For clarity, the FIG. 5 example depicts entries 505 comprising numeric logical identifiers, however, the disclosure is not limited in this regard, and one of skill in the art will recognize that the entries 505 could comprise any suitable logical identifier representation, including, but not limited to: alpha-numerical characters, hexadecimal characters, binary values, text identifiers, hash codes, or the like.

The entries 505 of the index 504 may reference logical identifiers of variable size and/or length; a single entry 505 may reference a plurality of logical identifiers (e.g., a set of logical identifiers, a logical identifier range, a noncontiguous set of logical identifiers, or the like). For example, the entry 505B represents a contiguous range of logical identifiers 072-083. Other entries of the forward index 504 may represent a noncontiguous set of logical identifiers; entry 505G represents logical identifiers 454-477 and 535-598, each assigned to respective physical storage units by respective references 517G and 527G. The forward index 504 may represent logical identifiers using any suitable technique; for example, the entry 505D references logical identifier 178 and length 15, which corresponds to a range of logical identifiers 178-192.

In some embodiments, the entries 505 comprise and/or reference metadata 519, which may comprise metadata pertaining to the entries 505, such as age, size, logical identifier attributes (e.g., client identifier, data identifier, file name, group identifier), the underlying physical storage unit(s), or the like. The metadata 519 may be indexed by logical identifier (through association with the respective entries 505) and, as such, the metadata 519 may remain associated with entry 505 regardless of changes to the location of the underlying physical storage units of the data.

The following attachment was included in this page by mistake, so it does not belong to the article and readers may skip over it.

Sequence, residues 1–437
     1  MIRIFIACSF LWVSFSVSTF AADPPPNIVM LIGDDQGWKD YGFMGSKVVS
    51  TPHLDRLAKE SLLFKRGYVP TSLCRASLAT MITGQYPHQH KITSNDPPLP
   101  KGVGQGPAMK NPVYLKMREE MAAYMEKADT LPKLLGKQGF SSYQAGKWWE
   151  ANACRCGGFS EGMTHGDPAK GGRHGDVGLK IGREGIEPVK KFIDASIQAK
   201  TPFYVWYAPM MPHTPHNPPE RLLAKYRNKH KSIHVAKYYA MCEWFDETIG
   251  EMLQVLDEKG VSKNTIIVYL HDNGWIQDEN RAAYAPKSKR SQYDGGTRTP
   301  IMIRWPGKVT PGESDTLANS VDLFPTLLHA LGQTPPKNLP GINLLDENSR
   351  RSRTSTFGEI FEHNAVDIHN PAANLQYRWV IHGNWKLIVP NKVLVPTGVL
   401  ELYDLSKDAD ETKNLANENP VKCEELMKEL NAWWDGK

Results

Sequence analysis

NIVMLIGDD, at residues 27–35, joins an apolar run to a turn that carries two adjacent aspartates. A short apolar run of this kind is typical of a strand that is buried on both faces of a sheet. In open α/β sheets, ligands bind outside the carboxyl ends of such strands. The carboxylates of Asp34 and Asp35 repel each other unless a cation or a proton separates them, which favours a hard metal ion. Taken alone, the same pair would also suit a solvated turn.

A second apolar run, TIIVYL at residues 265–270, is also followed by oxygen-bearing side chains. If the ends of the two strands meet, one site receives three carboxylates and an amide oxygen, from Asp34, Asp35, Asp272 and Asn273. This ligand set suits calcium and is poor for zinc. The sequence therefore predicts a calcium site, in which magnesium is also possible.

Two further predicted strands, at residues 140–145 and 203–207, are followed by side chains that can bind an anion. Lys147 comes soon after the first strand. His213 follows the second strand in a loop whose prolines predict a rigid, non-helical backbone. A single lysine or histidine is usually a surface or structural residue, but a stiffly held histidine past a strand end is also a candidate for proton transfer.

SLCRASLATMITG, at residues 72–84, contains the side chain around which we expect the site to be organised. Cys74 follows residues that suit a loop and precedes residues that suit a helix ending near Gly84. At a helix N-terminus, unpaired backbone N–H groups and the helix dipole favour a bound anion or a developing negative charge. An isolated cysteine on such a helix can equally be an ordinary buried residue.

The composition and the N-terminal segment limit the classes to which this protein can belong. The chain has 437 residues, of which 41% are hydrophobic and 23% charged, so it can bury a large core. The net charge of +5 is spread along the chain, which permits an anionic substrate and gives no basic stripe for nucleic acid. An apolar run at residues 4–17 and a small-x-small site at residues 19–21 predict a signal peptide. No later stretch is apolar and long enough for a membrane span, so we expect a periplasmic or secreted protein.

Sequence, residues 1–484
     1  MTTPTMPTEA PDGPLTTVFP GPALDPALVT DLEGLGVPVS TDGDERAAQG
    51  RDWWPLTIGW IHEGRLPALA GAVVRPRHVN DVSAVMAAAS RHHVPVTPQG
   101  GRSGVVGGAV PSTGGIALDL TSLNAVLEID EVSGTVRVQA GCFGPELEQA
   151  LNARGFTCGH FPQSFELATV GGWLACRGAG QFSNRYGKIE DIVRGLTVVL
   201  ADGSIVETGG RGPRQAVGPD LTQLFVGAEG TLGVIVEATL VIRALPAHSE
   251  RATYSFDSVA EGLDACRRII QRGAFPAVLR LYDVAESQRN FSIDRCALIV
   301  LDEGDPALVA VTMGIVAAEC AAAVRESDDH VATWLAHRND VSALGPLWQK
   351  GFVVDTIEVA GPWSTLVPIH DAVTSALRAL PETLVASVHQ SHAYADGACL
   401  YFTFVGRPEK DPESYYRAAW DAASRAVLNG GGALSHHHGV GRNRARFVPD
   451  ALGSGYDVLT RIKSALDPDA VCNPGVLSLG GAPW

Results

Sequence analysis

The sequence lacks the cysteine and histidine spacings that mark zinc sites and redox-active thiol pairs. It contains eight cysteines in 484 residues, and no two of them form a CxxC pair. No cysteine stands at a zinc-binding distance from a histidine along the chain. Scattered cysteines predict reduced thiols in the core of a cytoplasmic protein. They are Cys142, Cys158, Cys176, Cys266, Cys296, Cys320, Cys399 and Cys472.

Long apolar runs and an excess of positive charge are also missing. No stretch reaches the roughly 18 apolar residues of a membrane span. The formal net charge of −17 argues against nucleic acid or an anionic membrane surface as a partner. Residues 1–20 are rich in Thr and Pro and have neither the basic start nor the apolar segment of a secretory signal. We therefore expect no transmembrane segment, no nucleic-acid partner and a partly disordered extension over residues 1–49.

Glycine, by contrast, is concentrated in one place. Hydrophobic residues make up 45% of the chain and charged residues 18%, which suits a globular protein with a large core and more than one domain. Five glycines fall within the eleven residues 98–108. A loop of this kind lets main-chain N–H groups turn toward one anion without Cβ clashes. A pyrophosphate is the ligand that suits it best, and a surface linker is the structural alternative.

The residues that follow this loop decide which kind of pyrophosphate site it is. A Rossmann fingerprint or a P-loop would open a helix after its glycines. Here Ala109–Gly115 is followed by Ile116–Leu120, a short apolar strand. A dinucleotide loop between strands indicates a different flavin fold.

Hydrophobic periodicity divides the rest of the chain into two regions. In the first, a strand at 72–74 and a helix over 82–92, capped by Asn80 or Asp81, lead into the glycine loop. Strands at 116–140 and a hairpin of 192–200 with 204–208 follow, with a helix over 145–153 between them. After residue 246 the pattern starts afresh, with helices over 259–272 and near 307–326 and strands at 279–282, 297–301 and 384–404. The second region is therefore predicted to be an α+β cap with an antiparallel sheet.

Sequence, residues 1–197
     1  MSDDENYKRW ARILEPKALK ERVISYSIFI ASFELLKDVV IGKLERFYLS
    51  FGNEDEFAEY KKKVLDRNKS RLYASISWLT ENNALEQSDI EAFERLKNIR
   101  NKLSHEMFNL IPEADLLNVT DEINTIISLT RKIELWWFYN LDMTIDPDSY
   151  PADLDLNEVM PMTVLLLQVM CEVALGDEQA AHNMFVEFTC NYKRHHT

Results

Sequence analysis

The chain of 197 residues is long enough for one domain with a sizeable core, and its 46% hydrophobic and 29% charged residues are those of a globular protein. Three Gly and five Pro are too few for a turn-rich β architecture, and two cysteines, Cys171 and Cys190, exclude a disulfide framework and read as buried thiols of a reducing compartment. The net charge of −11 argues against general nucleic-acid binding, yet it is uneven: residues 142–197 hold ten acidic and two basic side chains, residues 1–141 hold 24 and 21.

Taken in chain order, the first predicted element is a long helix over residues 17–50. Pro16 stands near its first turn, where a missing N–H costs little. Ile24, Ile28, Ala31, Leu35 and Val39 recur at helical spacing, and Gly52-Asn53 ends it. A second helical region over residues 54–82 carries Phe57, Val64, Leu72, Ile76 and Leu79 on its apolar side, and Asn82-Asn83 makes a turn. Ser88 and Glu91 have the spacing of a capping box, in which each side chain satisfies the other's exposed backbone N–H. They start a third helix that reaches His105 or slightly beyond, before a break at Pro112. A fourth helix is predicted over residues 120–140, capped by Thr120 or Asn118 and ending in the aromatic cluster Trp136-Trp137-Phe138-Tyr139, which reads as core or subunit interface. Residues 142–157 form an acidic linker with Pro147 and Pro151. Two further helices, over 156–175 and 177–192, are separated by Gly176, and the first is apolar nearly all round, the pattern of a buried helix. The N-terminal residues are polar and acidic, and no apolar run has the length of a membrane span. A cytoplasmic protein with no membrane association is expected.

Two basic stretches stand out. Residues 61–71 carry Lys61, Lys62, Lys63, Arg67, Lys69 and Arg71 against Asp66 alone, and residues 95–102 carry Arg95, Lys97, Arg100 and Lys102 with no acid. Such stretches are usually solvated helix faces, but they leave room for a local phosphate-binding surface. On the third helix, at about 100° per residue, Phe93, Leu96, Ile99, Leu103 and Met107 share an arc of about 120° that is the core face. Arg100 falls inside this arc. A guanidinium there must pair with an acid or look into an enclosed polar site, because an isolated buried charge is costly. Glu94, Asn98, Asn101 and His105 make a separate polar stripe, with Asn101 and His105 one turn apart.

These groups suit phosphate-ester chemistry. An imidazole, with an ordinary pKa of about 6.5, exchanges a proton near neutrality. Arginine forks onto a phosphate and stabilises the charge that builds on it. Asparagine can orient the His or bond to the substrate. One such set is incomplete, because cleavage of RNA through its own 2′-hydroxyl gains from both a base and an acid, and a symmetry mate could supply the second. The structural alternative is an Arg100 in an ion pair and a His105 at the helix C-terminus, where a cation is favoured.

The forward index 504 may be used to efficiently determine whether the non-volatile storage device comprises a particular logical identifier. In one example, a storage client may request allocation of a particular logical identifier. If the forward index 504 comprises and entry 505 that includes the requested logical identifiers, the logical identifier(s) associated with the request may be identified as being already allocated. If the logical identifiers are not in the index, they may be allocated to the requester by creating a new entry 505 in the forward index 504. In another example, a storage client requests data of a particular logical identifier. The physical storage unit of the data is determined by accessing the reference 517 to the physical storage unit of the entry 505 comprising the logical identifier. In another example, a client modifies data pertaining to a logical identifier. In another example, a storage client modifies existing data of a particular logical identifier. The modified data is written sequentially to a new physical storage unit on the non-volatile storage device, and the physical storage unit reference 517 of the entry 505 in the forward index 504 is updated to reference the physical storage unit of the new data. The obsolete data may be marked as invalid for reclamation in a grooming operation.

The forward index 504 of FIG. 5 maintains a logical address space and, as such, is indexed by logical identifier. As discussed above, entries 505 in forward index 504 may comprise references 517 to physical storage units on a non-volatile storage device. In some embodiments, the references 517 may comprise physical addresses (or address ranges) of the physical storage units. Alternatively, or in addition, the references 517 may be indirect (e.g., reference a secondary datastructure, such as a reverse index).